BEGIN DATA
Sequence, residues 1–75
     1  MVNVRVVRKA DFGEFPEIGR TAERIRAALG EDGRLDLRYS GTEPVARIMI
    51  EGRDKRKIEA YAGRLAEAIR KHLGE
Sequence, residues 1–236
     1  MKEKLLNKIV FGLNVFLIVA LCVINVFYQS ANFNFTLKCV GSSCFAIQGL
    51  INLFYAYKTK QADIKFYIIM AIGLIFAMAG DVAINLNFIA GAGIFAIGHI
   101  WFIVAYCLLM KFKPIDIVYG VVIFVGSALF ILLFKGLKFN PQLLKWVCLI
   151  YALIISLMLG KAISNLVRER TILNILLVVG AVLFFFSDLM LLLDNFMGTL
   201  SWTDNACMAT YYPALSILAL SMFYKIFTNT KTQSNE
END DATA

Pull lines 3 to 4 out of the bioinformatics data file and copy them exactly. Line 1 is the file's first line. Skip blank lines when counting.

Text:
    51  EGRDKRKIEA YAGRLAEAIR KHLGE
Sequence, residues 1–236